Reply
    1. Ann

      There’s nothing like eating a 5-start meal in your very own kitchen, and I love your addition of roasted chicken thighs. Thank you for the great comment, Elaine…and stay tuned to a another recipe using cherry or grape tomatoes coming soon.

      Reply
  8. Pingback: The Fountain Avenue Kitchen – Tuna in Rustic Tomato Sauce

    1. Ann

      I have yet to freeze this sauce, Heidi. I make it when I have enough tomatoes and then we eat it all…but I do think it would freeze very well.

      Reply
  9. Sue

    I made this speedy sauce last night with your deconstructed eggplant parm, WOW!! It was amazing, my husband kept saying “there are so many interesting flavors.” Thanks for another wonderful recipe. Love your website

    Reply
  10. Pingback: » Mushroom Ricotta Meatballs Sumptuous Spoonfuls

  11. Kelly

    Just made this sauce for the first time….first of all…I work long hours, and one of the things I love to do (as crazy as it sounds) is come home, turn on my favorite music, pour a drink, and cook! This was super fun to cook, didn’t take super long, and tasted delicious! I loved it! I made the sauce with zucchini noodles, but I can’t wait to make it for my husband with regular pasta as well! Well done Ann! I will definitely be saving this recipe and making it again!!

    Reply
    1. Ann Post author

      Hi Kelly, I think your evening routine sounds like the perfect way to relax after a long workday, and I’m so glad this recipe didn’t let you down! Thanks so much for taking a moment to let me know, and I’m delighted it’s a keeper!

      Reply
    1. Ann Post author

      Hi Elva, I’m not sure of the pH of this recipe so lemon juice would be an added assurance if canning. In that case, you’d likely want to add a bit of sugar when ready to eat it.

      Reply
  12. Melissa gibbs

    My mother’s garden is exploding with cherry tomatoes and these cute little hybrids called “chocolate sprinkles” I bought her the plants for Mother’s Day 2017. Along with basil from her garden this sauce was an excellent dish we prepared last night together! Only thing I added was a little sprinkle of Italian seasonings and a zucchini from her garden. My picky father even went in for seconds! We sautéed some organic chicken and made the sauce served with tri colored pasta and some mozzarella pearls. Delish! Thanks for posting!

    Reply
    1. Ann Post author

      First of all, I love that the tomatoes were a Mother’s Day gift (with a great name!) and that you cooked the meal together. The way you served the sauce sounds divine, and I’m thrilled it was a hit. Thanks so much for the terrific feedback, Melissa!

      Reply
    1. Ann Post author

      For a similar option without the skins, you could try the sauce with an equal amount of chopped plum tomatoes that you have skinned by briefly dipping in boiling water. Glad you enjoyed the flavor!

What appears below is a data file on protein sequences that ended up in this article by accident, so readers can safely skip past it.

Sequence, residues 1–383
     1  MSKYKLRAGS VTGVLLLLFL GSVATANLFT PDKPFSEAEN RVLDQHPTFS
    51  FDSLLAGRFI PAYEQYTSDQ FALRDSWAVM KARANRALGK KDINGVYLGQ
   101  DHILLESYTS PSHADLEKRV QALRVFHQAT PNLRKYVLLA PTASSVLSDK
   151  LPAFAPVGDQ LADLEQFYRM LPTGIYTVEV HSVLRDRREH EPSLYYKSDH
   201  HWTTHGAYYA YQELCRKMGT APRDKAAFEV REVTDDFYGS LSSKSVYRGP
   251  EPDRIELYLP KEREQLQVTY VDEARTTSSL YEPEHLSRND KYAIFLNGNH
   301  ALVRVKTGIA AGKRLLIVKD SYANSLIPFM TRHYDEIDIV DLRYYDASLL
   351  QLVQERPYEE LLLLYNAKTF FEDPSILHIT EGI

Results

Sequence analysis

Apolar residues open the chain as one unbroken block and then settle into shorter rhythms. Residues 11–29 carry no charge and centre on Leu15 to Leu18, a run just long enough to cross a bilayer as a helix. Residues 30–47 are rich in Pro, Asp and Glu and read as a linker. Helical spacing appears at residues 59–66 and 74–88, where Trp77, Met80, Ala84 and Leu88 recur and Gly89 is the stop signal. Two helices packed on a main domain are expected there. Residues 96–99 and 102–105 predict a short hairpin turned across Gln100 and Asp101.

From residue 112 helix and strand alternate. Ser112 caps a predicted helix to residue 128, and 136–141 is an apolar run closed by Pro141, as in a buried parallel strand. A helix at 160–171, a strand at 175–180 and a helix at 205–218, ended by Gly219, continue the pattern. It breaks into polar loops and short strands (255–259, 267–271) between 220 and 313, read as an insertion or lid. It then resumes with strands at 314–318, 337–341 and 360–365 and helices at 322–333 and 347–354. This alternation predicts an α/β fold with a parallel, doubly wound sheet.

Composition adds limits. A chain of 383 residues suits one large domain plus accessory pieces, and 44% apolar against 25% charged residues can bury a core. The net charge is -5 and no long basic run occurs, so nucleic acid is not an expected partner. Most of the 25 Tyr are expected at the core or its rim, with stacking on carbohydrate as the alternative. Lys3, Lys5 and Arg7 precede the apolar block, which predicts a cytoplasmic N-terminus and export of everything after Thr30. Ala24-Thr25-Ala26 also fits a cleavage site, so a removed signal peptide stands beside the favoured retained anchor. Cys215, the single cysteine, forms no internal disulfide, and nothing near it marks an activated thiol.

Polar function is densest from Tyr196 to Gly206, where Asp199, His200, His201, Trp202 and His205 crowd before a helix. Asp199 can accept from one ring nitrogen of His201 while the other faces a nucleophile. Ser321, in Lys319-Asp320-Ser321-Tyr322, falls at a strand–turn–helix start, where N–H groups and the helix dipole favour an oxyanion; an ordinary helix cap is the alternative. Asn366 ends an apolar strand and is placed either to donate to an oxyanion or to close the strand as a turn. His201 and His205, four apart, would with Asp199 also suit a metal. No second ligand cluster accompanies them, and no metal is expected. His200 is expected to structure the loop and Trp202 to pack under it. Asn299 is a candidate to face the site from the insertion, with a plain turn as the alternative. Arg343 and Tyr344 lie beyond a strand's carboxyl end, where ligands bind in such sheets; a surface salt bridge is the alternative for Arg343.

Reply
  13. Sharon

    Made this for dinner tonight and have to tell you…it was delicious! Followed recipe but didn’t have fresh basil so just sprinkled some dried basil on and it was still great. Even used my seasoned cast iron skillet..didn’t want to do anything different from the recipe. My husband watched me and was making faces and said he was going to order a pizza and I said just wait, he was really glad he did. He loved it! It’s been several hours and he’s still raving over it. Thanks so much for the recipe. It’s a must have!!

    Reply
    1. Ann Post author

      I love your comment, Sharon, especially the part about your skeptical husband making faces and then loving it. So many of us can appreciate that! I’m delighted this was a hit. Thanks for taking a moment to let me know!

      Reply
    1. Ann Post author

      Hi Linda, I’m delighted this was a hit! If memory serves, I froze this one time last summer with good results. I’ve also frozen the roasted cherry or grape tomatoes many times with great success.

      Reply
      1. Kasandra

        Great I have a ton of tomatoes to use I’m going to make a triple batch and freeze it for my huge very busy family

        Reply
  14. Carla

    Thank you for your recipe. I am really a beginner and many recipes require a lot which can be overwhelming. I love you for making it sweet, delicious, and easy. I added white rice with broccoli and I am extremely happy. Thank you XOXO

    Reply
    1. Ann Post author

      I’m so happy to read your comment, Carla, and to know that the recipe covered all those bases. Your addition of rice and broccoli sounds perfect!

      Reply
  15. Kathy

    I made this tonight and it was delicious. I had all the ingredients on hand. Picked some fresh basil from the garden and used angel hair pasta. It came together very quickly. I can’t wait for fresh tomatoes to start coming in. I’ll be making this a lot! Thanks for sharing.

    Reply
    1. Ann Post author

      So glad that you’ll be making again, Kathy…and it’s so nice to have fresh basil ready to pick again!

      Reply
    1. Ann Post author

      Hi Debbie, I have frozen this sauce but haven’t canned it. It should be fine with high pressure canning, but tomatoes are borderline in terms of pH (and, therefore, food safety) with regular stovetop canning. I hope that helps!

      Reply
  16. Cheryl

    I took your recipe and added Italian seasoning, cooking white wine and some flour to thicken the sauce just a bit. It’s smells absolutely divine! Can’t wait to use it with some fresh cooked zucchini!! Thanks for the recipe!!

    Reply
  17. Lori

    Wow this sauce is delicious. I served it over spiralized zucchini with mushrooms and grilled chicken and topped with fresh grated Parmesan cheese

    Reply
  18. Beth Grant